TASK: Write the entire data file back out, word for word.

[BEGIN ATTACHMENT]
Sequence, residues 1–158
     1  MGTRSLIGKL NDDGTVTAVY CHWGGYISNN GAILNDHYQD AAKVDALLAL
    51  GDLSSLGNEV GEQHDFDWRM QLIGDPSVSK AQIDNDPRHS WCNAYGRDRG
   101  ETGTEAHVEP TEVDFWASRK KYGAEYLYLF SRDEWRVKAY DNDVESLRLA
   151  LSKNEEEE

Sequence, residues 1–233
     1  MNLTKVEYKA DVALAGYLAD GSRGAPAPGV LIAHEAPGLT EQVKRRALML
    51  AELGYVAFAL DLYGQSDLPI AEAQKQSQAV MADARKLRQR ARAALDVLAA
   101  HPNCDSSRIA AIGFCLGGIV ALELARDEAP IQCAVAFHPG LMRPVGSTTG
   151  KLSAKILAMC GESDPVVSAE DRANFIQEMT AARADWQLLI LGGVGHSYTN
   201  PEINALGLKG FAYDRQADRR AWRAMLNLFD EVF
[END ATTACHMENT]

Sequence, residues 1–158
     1  MGTRSLIGKL NDDGTVTAVY CHWGGYISNN GAILNDHYQD AAKVDALLAL
    51  GDLSSLGNEV GEQHDFDWRM QLIGDPSVSK AQIDNDPRHS WCNAYGRDRG
   101  ETGTEAHVEP TEVDFWASRK KYGAEYLYLF SRDEWRVKAY DNDVESLRLA
   151  LSKNEEEE

Sequence, residues 1–233
     1  MNLTKVEYKA DVALAGYLAD GSRGAPAPGV LIAHEAPGLT EQVKRRALML
    51  AELGYVAFAL DLYGQSDLPI AEAQKQSQAV MADARKLRQR ARAALDVLAA
   101  HPNCDSSRIA AIGFCLGGIV ALELARDEAP IQCAVAFHPG LMRPVGSTTG
   151  KLSAKILAMC GESDPVVSAE DRANFIQEMT AARADWQLLI LGGVGHSYTN
   201  PEINALGLKG FAYDRQADRR AWRAMLNLFD EVF